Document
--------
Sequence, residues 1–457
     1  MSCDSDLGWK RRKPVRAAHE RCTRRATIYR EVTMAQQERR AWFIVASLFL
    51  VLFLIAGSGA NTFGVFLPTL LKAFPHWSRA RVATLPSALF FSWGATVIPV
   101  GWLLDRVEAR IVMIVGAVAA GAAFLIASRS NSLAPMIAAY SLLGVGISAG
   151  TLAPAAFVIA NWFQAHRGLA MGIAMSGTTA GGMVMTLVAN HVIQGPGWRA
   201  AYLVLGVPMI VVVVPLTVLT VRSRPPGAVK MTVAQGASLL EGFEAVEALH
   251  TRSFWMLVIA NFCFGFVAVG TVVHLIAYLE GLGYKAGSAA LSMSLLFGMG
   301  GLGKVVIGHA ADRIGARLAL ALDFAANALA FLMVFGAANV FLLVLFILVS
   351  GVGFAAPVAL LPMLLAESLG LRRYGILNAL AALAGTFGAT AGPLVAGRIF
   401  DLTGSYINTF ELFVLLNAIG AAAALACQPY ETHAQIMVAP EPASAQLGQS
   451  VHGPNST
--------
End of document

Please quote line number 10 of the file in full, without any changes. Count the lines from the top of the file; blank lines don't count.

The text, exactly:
   401  DLTGSYINTF ELFVLLNAIG AAAALACQPY ETHAQIMVAP EPASAQLGQS